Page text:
When there were springs cables and screws like my old truck, this did not happen, The computers on these trucks can react much faster and can detect the slightest change in engine resistance doing this even before the driver is finished pushing the cluch in.The computer should then command the engine to throttle down not up. Its a feedback control problem in my opinion, The feedback loop seem to be under dampred and it should be critically damped.

    Any opinions?
     
  5. Jan 21, 2010 at 7:18 AM
    #5
    Afwrestler1986

    Afwrestler1986 Well-Known Member

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    If you are sitting stationary with the truck idling in neutral, and you press the clutch in does it still do it?
     
  6. Jan 21, 2010 at 7:20 AM
    #6
    98tacoma27

    98tacoma27 is gooder 'en chicken Moderator

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    It's programmed to do it. The autos act similar.
     
  7. Jan 21, 2010 at 7:27 AM
    #7
    dprender

    dprender [OP] Member

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    No its perfectly normal when idling. Its good to know that the MT autos do it as well
    More responses would be great.

    Thanks
     
  8. Jan 21, 2010 at 7:29 AM
    #8
    TacoCat

    TacoCat Look away, I'm hideous!

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    Mine does. It's annoying.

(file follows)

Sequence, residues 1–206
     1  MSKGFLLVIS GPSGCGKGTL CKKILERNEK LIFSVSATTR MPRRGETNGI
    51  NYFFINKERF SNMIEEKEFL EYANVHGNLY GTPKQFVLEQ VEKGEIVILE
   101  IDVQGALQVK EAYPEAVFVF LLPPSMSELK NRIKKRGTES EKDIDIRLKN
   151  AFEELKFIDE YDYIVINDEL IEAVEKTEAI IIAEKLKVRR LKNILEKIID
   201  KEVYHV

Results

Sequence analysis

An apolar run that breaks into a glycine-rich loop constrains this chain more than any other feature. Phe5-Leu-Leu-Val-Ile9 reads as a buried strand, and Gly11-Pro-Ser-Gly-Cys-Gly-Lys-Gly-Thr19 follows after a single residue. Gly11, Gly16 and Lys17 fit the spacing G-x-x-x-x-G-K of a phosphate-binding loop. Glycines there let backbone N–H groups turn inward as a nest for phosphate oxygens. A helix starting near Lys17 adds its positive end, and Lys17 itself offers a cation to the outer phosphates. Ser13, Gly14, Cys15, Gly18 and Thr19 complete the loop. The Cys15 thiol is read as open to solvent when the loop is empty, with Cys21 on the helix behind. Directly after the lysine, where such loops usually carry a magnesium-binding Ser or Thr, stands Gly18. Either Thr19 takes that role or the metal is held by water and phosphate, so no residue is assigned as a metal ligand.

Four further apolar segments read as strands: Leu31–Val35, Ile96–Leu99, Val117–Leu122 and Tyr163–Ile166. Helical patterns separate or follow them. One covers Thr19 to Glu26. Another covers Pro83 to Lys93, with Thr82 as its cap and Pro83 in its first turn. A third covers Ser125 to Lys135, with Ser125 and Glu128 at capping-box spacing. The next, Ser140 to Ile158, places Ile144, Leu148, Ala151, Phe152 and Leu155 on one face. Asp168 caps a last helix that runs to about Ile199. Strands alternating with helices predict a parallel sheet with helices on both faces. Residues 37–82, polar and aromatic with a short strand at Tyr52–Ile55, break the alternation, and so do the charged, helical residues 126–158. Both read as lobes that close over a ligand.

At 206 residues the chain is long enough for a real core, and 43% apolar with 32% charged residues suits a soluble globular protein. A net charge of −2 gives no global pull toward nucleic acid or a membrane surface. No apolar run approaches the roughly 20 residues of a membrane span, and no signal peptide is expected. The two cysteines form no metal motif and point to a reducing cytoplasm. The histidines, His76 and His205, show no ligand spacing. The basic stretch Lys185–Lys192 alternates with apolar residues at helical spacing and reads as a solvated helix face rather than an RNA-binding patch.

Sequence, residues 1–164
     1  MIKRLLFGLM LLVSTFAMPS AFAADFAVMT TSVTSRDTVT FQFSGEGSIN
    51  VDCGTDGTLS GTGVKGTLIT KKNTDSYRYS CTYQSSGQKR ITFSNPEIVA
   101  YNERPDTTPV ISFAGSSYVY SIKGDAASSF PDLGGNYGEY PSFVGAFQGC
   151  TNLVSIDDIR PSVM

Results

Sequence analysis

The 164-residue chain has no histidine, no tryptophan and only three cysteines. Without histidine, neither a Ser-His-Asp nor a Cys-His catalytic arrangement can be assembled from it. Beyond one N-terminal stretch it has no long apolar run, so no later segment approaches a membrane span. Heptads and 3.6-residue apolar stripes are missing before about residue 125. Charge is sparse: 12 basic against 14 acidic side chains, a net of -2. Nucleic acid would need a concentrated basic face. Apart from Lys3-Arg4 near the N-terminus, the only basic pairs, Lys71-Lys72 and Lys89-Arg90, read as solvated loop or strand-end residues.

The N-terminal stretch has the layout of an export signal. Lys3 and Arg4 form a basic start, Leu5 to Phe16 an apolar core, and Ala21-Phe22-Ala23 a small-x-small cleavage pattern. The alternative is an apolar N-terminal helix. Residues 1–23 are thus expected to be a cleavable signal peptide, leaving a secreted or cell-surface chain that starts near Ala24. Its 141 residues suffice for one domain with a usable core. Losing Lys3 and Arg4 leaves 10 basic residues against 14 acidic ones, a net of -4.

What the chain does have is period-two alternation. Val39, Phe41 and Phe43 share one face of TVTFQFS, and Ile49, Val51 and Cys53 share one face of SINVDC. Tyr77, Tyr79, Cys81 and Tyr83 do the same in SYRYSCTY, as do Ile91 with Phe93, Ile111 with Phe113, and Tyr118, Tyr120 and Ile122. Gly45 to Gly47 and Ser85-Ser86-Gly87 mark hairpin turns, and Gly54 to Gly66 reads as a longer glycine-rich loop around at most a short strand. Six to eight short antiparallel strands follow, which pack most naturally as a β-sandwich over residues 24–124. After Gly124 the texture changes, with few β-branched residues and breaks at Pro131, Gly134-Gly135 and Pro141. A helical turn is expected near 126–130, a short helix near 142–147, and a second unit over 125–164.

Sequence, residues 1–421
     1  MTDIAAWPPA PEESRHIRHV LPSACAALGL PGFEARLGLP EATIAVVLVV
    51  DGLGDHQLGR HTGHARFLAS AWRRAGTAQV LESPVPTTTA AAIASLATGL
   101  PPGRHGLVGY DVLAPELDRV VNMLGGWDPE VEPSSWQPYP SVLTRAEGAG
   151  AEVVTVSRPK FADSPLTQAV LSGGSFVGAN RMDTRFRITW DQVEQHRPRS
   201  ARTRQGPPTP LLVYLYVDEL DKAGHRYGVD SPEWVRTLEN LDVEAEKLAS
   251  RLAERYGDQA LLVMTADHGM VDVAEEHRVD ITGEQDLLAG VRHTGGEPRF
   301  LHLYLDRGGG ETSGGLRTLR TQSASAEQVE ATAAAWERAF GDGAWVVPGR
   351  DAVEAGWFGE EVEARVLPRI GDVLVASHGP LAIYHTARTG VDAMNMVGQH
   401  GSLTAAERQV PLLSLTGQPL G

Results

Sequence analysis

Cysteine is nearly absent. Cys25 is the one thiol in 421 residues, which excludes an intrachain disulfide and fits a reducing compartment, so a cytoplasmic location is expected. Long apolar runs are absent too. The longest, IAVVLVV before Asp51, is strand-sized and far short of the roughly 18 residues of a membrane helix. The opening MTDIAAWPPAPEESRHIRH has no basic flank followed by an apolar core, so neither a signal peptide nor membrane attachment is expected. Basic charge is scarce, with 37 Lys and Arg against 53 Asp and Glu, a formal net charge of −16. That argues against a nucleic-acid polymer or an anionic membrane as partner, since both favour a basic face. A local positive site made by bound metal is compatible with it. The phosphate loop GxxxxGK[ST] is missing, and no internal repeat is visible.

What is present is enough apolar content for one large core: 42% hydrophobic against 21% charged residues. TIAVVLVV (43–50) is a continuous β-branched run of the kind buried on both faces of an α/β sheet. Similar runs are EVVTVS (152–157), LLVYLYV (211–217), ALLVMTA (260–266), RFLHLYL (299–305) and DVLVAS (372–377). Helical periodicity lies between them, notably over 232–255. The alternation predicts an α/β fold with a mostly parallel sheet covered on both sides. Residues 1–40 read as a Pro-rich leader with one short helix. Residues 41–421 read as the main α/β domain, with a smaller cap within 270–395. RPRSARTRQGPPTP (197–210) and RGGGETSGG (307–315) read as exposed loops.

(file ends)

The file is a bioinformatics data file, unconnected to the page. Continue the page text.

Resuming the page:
9. Jan 21, 2010 at 8:20 AM
    #9
    SManZ

    SManZ el tráfico más lento se queda derecha

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    Mine does this too. I'm hesitant to go for a short throw shifter since right now the long shift throw matches up with the time it takes for the revs to drop for a smooth upshift.

    Would URD pulleys help the motor spool down faster?
     
  10. Jan 21, 2010 at 8:26 AM
    #10
    xodeuce

    xodeuce mmmmmmbourbon.

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    Going to a lighter weight flywheel will have the biggest impact on how quickly the engine gains / drops revs. Pulley's might help. Anything that's rotational mass. However, inertia is your friend when you're feathering the clutch, particularly offroad. It's easier to stall an engine with very little rotational mass, because you you don't have the inertia to keep it running.
     
  11. Jan 21, 2010 at 8:53 AM
    #11
    PSUnick

    PSUnick Lets Go State!

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    I agree that I think it is a control problem, and not a mechanical inertia problem. I am not sure that it is an underdamped system, however. When in gear and maintaining speed, there doesn't seem to be any lag between when acceleration is commanded and the engine responds. Acceleration (increase or decrease in speed) seems relatively instantaneous, implying a fast rise time on the control loop, and not an overly underdamped system.